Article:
In January 2019, the patient underwent the hysteroscopy during which the small septum was dissected and the implantation cuts were created. There was also a biopsy performed and the sample was sent to the lab in France (as in the previous case study). The biopsy result showed abnormal uterine cytokine equilibrium as well as increased uterine Natural Killers. It is important to mention here that the patient had had an evaluation of peripheral blood NK cells done in one of the previous clinics – which turned out to be normal. According to Dr Natsis, it only proves that this kind of test – although vastly popular – does not have any clinical significance.
Based on the biopsy results, the doctors created the post-implantation treatment protocol for the patient. In February 2019, the patient underwent a modified natural cycle with Clomid – especially helpful in case of patients with low ovarian reserve. 2 eggs were collected and fertilised and one good quality day 3 embryo was transferred. The pregnancy test was positive. Again, the doctors performed a cervical cerclage in the 14th week of the gestation.
Dr Natsis says that the patient could not believe she was pregnant and consequently needed a lot of psychological support. Finally, she delivered a healthy baby boy at 39 weeks of pregnancy through a C-section.
The third case Dr Natsis discusses is extraordinary. The couple he treated had experienced approximately 30 IVF attempts – the largest number they have ever had at Gennima IVF clinic! When Dr Natsis met them, they were only 37 years old and already had 8-year experience of IVF attempts. The female patient underwent 6 IVF cycles with short protocol and 25 natural cycles – and the only result was one miscarriage in the 9th week of pregnancy and 2 biochemical pregnancies (!).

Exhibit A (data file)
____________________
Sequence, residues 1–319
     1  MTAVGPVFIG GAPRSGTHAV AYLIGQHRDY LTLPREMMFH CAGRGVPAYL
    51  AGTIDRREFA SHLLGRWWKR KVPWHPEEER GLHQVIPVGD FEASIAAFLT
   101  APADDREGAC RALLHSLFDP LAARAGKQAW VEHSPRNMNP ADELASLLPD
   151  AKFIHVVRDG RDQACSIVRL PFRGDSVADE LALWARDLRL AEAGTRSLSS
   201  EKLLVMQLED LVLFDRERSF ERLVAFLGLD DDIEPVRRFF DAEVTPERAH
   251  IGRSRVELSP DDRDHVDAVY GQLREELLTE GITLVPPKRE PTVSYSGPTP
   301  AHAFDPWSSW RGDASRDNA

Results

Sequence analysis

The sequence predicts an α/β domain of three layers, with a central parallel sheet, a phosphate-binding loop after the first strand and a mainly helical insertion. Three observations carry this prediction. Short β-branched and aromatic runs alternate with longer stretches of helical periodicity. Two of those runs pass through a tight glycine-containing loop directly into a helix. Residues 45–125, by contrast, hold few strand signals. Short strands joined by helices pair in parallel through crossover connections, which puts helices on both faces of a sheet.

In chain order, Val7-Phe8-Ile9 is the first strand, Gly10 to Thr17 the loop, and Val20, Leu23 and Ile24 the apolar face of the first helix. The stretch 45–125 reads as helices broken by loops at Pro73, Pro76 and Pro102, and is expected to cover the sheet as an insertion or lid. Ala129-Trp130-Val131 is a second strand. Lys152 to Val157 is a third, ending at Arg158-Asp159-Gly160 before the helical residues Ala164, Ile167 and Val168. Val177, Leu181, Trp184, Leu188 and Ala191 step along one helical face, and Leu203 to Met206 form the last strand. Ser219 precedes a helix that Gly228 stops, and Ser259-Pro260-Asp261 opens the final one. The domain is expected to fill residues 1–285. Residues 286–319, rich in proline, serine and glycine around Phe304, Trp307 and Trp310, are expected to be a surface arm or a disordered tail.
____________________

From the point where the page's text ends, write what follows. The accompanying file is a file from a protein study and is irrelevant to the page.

The review of medical notes revealed that the patient had two surgeries for possible endometriosis (laparoscopic surgery) as well as double hysteroscopy – in order to deal with her polyps and endometrial adhesions. She also had low ovarian reserve. Another issue the doctors had to help with was the unsatisfying result of the male partner’s sperm analysis, meaning both low count and low motility. Additionally, just like the previous two case studies the hysteroscopy conducted at Gennima IVF revealed the presence of a small septum.
Due to the 30 unsuccessful IVF attempts, the doctors assumed the patient had a very serious problem with the quality of her eggs and they suggested egg donation. However, the patient opted for the last final attempt with her own eggs – and the doctors agreed with her wish.
In November 2014, a hysteroscopy was conducted and during that procedure the uterine septum and adhesions were dissected. Three months later, the doctors collected 3 eggs during the short IVF protocol and 2 out of those 3 eggs were fertilised with ICSI. On day 3, two good quality embryos were transferred and the woman became pregnant. Similarly to the previously mentioned patient, she needed a lot of psychological support during her pregnancy as she could not believe she was pregnant. In December 2015, she gave birth to a healthy baby boy.
This case perfectly shows that women who have multiple medical conditions can become pregnant if they get right treatment. Dr Natsis recalls that the patient was 44 years old (with 7 years of attempts) when she came to Gennima IVF clinic for the first time. In her history, she had one natural conception but the pregnancy had to be terminated – the child had a genetic syndrome which was picked up in a nuchal translucency scan. Additionally, the woman’s BMI was 37 at that time, she suffered from hypertension and diabetes and she had undergone 2 strokes. Her history of pregnancy attempts included clomiphene stimulations and IVF-ICSI. She also had a hysteroscopy with polyps removal performed and her partner suffered from obstructive azoospermia. While reviewing the patient’s hysteroscopy DVD, Dr Natsis and his colleagues found a small septum in the uterus, too.